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I work in the public sector of Denmark, and I’m involved with both developing and procuring solutions. We have quite a lot of them, around 300 for our 10.000 employees, and from a buyers perspective things like Scrum and agile rarely makes a lot of sense. It’s down to the old triangle of time, features, money, which agile and through it scrum mandates at least one has to be flexible. Only that’s now how you buy software. No one is going to give you an unlimited amount of money of time for an uncertain amount of features, and almost nobody has the time to act into your Scrum schedule to prioritise stuff. Because of this, it’s not really how you sell software either. As a result Scrum often becomes a wrapped in a business side that’s very much unified or waterfall process in companies pretending to be agile. I’m not saying it happens everywhere, but I don’t think I’ve ever been involved with a procurement or development process you could truly call agile.

That doesn’t mean you can use scrum, but it does mean that you should be careful about how you do so. If you have a bunch of guys working on different CRUD web-applications, does it really make sense to have them do a stand up every morning? Probably not. But maybe the kanban board still works well. Based on my own experiences you have to be careful and “agile” about how you build your processes to suit your changing needs, but going full strict scrum, is probably never going to work unless you’re a major tech company.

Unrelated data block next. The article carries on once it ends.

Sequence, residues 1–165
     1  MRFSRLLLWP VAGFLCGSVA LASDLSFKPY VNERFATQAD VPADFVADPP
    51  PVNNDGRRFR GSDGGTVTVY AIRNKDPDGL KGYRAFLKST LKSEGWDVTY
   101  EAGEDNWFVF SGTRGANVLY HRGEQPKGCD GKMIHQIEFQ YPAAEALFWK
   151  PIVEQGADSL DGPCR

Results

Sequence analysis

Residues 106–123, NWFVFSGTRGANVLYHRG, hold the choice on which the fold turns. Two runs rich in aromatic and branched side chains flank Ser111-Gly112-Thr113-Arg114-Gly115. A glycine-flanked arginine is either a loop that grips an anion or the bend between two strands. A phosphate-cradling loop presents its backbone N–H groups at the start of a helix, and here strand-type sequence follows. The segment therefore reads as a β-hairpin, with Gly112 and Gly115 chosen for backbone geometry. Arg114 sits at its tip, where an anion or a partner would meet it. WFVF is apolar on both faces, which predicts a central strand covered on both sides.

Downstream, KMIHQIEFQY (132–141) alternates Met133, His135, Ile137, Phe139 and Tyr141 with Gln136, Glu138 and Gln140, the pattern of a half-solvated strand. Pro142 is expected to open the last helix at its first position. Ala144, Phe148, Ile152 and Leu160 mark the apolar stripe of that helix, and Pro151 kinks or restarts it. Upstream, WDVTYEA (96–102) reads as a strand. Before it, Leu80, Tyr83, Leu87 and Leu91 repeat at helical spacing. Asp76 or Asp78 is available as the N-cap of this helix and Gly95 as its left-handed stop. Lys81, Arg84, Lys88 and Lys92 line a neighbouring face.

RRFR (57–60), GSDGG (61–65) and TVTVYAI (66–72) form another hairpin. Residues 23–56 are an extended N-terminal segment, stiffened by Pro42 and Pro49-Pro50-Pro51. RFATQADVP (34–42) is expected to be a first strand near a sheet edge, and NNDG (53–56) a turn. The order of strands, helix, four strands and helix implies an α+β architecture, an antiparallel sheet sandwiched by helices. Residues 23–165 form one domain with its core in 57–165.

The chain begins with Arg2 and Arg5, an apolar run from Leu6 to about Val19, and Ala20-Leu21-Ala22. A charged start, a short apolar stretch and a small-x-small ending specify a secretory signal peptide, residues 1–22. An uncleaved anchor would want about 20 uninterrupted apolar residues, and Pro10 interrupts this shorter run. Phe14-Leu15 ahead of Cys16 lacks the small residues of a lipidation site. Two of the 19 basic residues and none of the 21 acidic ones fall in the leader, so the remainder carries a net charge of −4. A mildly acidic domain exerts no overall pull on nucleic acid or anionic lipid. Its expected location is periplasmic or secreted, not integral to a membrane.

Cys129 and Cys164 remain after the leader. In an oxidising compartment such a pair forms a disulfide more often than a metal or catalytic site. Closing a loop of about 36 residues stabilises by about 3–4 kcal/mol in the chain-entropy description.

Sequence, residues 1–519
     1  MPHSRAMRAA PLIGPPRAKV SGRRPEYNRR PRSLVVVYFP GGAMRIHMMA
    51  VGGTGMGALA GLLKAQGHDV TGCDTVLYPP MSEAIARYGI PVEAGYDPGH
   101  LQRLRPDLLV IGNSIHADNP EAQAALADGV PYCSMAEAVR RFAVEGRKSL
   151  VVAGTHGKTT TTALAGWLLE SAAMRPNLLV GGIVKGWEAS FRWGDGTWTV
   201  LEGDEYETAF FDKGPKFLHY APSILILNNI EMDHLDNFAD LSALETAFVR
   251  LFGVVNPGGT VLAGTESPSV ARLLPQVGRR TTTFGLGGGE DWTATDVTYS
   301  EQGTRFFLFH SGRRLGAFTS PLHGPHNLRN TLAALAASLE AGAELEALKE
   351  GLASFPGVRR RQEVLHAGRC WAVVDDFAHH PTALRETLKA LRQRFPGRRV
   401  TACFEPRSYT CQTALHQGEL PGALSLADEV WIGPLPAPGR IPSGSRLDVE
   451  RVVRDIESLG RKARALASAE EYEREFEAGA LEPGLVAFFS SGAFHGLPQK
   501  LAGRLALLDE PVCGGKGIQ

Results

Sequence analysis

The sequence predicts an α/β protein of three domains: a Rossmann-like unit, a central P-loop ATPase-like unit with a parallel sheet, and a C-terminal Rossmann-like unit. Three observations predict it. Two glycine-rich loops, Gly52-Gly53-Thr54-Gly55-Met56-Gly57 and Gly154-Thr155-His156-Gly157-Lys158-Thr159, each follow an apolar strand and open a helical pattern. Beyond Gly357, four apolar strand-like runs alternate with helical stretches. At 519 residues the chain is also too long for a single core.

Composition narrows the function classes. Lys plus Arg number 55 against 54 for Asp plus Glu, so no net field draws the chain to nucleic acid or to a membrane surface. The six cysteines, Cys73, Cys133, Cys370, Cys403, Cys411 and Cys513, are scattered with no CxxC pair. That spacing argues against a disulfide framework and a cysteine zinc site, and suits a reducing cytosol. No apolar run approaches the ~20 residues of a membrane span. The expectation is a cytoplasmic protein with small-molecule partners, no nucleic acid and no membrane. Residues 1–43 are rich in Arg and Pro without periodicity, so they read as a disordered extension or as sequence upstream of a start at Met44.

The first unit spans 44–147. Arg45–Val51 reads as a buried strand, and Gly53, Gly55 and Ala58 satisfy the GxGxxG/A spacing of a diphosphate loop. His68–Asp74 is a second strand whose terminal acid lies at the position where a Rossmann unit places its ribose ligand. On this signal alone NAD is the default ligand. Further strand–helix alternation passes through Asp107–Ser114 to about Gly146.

> We have quite a lot of them, around 300 for our 10.000 employees, and from a buyers perspective things like Scrum and agile rarely makes a lot of sense

> No one is going to give you an unlimited amount of money of time for an uncertain amount of features

In a customer project I worked on recently, the consultancy I work at had a contract based on the number of story points - something like, "we will deliver 200 story points in phase 1". Now, because a story point is a relatively nebulous thing, there is of course a lot of room on both sides to fiddle things, but actually the customer was pretty happy with it.

The actual scrum teams were completely miserable, but that's a separate point altogether :)




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